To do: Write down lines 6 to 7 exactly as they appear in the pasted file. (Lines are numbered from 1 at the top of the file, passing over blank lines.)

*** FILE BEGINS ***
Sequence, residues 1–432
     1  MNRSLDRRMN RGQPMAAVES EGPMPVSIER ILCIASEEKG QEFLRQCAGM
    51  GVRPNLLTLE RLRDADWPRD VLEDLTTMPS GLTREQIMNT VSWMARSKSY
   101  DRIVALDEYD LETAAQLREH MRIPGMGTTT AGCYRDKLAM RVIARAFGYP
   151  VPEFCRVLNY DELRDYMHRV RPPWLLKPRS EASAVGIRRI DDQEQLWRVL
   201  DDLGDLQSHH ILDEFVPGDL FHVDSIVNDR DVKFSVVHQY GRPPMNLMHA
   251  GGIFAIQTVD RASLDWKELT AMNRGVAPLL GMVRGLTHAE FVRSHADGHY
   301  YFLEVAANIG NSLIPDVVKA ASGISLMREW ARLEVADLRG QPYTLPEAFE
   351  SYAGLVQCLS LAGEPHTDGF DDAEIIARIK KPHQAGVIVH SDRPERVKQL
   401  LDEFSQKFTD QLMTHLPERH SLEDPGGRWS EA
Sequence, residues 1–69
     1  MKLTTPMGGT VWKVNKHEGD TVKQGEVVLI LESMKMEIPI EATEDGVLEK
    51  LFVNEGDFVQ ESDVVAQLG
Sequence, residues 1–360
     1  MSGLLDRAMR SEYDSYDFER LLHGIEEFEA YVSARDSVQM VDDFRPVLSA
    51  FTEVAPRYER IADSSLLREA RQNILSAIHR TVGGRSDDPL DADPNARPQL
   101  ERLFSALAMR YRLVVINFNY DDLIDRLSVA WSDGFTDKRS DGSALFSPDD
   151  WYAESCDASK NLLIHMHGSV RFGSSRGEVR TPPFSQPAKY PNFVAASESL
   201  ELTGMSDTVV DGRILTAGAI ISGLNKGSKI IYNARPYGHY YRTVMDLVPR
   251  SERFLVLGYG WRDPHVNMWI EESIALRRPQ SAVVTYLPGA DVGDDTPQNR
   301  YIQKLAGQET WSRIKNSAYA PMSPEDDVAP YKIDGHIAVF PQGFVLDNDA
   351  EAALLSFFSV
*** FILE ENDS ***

   201  DDLGDLQSHH ILDEFVPGDL FHVDSIVNDR DVKFSVVHQY GRPPMNLMHA
   251  GGIFAIQTVD RASLDWKELT AMNRGVAPLL GMVRGLTHAE FVRSHADGHY